This led to the 1986 Farm Credit Act Amendments. Among these were two particularly interesting provisions: the Farm Credit System could defer provisions for loan losses, and it could also defer recognizing interest expenses on some of its high-coupon bonds. Such cooking of the books of course violated proper accounting standards and mirrored similar desperate accounting by insolvent savings and loans in the same decade—in the latter case, under the direction of the government in the form of the Federal Home Loan Bank Board. It did not work in either case.
This brings us to the Agricultural Credit Act of 1987. The bailout could no longer be postponed: the act accepted “the inevitability of Federal financial assistance to the Farm Credit System,” Congress concluded, and it committed $4 billion of taxpayer funds. A Farm Credit System Assistance Corporation was authorized “to issue federally guaranteed bonds and to purchase the preferred stock of system institutions...thereby funneling the federal ‘bail-out’ funds.” Among its other provisions, the act mandated and facilitated the consolidation of the component institutions of the Farm Credit System into fewer, bigger entities.
The restructured Farm Credit System continued as a GSE. Farmland prices, after five years of painfully falling, began to rise in nominal terms again in 1988. From that point, in inflation-adjusted terms they remained basically flat for six years, from 1988 to 1994. By 1994, it had been 12 years since the 1982 peak (and 13 years since the inflation-adjusted peak in 1981) and real farmland prices were still merely at their early 1970s level of more than 20 years before.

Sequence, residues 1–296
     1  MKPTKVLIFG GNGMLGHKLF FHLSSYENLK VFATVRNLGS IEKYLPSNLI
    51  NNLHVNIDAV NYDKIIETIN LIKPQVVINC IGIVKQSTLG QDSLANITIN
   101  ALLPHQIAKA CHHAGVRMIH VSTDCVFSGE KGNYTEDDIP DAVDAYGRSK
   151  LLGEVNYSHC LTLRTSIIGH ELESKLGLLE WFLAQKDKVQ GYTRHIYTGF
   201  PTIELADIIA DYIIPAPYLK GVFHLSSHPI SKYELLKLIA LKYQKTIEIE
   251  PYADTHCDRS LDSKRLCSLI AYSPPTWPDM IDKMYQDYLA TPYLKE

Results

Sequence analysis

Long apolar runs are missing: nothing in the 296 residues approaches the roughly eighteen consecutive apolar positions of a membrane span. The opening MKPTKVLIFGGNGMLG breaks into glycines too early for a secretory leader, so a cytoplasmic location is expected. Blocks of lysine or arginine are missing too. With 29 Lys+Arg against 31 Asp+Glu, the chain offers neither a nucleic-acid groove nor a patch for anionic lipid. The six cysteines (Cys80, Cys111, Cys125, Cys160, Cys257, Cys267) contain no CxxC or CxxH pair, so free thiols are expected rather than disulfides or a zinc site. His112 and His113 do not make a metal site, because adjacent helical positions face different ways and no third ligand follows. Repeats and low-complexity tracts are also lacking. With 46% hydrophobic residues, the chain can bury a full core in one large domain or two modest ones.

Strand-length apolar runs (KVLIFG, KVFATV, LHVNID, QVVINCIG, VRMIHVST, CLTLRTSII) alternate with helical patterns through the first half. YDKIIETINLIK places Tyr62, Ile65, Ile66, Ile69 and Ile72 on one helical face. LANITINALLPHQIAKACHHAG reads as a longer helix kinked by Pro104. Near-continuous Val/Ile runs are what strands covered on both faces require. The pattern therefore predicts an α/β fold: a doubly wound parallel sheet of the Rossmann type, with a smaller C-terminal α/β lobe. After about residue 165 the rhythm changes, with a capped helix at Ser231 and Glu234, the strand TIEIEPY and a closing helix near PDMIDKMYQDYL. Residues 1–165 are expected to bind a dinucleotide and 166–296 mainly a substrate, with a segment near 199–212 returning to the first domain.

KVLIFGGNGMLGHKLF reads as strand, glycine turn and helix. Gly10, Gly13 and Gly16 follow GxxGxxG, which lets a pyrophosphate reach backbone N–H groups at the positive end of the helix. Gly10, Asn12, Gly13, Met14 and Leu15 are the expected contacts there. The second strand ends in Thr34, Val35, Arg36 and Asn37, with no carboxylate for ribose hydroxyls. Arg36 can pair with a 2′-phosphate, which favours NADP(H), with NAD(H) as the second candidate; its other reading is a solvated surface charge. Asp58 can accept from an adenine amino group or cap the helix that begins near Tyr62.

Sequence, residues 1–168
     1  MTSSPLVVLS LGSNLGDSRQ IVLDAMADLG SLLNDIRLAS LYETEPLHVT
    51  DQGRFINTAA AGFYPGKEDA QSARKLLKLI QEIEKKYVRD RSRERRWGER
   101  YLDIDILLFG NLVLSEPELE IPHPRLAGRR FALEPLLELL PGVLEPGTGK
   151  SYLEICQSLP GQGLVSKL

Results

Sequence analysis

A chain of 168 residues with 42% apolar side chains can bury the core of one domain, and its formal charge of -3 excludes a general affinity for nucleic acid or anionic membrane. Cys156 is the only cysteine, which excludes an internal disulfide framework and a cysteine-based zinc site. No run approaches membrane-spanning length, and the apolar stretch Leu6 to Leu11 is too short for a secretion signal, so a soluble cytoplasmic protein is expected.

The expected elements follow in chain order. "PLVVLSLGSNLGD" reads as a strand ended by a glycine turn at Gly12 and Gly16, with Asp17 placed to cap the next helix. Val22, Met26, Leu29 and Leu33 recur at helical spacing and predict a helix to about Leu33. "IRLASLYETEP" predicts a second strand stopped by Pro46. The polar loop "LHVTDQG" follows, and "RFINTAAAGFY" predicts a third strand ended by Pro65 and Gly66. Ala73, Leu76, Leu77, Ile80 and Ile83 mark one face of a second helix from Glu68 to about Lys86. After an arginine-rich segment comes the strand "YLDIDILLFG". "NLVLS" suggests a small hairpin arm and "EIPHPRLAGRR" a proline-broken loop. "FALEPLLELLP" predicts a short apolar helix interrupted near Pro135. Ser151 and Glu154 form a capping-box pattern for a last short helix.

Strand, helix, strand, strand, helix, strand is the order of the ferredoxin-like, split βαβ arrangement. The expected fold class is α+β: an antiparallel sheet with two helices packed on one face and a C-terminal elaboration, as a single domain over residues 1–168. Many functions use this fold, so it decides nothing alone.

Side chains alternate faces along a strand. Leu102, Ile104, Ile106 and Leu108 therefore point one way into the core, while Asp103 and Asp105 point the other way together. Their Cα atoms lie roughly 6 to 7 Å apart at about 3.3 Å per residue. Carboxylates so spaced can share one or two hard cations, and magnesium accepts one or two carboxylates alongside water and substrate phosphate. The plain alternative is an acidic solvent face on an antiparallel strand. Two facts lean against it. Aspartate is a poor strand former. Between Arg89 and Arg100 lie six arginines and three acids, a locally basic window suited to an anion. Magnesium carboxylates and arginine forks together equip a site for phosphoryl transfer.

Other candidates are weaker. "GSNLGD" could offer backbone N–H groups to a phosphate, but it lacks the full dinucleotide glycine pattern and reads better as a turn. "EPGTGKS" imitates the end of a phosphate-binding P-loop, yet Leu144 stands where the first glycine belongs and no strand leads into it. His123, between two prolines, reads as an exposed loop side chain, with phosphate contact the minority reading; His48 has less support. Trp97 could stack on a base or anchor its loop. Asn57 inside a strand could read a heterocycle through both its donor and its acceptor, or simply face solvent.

Then, in 1995, real farmland prices began a new ascent, with particularly rapid acceleration after 2004. The inflation-adjusted prices have far surpassed their bubble peak of 1981.
Of course, the bull market in farm prices looks even more dramatic when shown in nominal terms. These prices increases were only modestly reduced by the financial crisis of 2007-09 and have since accelerated. Real prices have been rising for 17 years, and if you are 40 years old now, you were only 10 when the last farmland bubble burst. If you are 35, nominal farmland prices have been rising since you were 10. How does anyone under the age of 40 subjectively assess the probability of a price collapse?
Where are we now? It is not quite clear. Is this a new bubble waiting to collapse? Or do these prices reflect some fundamental structural trends and new developments? Each time, it is the same debate.
In November 2011, the Federal Reserve Bank of Chicago held a conference on “Rising Farmland Values: Causes and Cautions” to address “the risks facing agriculture and the banking industry from rising farmland values.” Earlier that year, the Federal Deposit Insurance Corp. had a conference titled “Don’t Bet the Farm: Assessing the Boom in US Farmland Prices.”